Adolescent Students' Images of an Environmental Scientist: An Opportunity for Constructivist Teaching

  • Jeff Thomas
  • Rosalina A. Hairston
Keywords: Science, Education, Images, Constuctivist, Teaching, Environmental


The constructivist theory of building knowledge has influenced our understanding of learning and the practice of teaching. Studies on children's conception reveal that the learner actively constructs a meaning for the new information in the context of one's prior knowledge and personal experiences. This quantitative study presents a method of investigating the perceptions of 757 adolescent students about an environmental scientist and how their perceptions justify the use of constructivist learning model in environmental education. The projective instrument called Draw A Scientist Test (DAST) developed by Chambers (1983) and the scoring rubric called Draw a Scientist Test Checklist (DAST-C) designed by Finson, Beaver, and Cramond (1995) were adapted for this study. The resulting instrument called Draw an Environmental Scientist (DAEST) was used to collect the perceptions of junior high and high school students from eight rural schools in the southeastern region of the United States. The findings reveal that students perceive the image of an environmental scientist as a mosaic consisting of the standard image of a scientist, with alternative images related to gender, ethnic origin, and age. Additional images depicted by the locale, type and nature of the work, and the emotions of an environmental scientist were also drawn. To a large extent, the images reflect the students' prior knowledge and personal experiences with local surroundings and persons in science-related occupations. This study provides evidence that adolescent students are capable of constructing knowledge about an environmental scientist by using their prior learning and experiences. The results of this study support the use of constructivist-based curriculum and instructional strategies in environmental science education to enhance students' conceptual learning about the environment.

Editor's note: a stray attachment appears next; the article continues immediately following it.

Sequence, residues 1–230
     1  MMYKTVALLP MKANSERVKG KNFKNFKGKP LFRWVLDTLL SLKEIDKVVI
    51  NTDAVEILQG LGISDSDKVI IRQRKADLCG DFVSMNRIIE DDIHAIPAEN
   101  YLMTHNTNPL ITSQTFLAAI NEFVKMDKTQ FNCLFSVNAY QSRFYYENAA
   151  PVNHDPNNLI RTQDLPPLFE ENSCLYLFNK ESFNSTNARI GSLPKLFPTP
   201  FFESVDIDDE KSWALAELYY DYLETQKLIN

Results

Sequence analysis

Author Biographies

Jeff Thomas
University of Southern Indiana
Rosalina A. Hairston
University of Southern Mississippi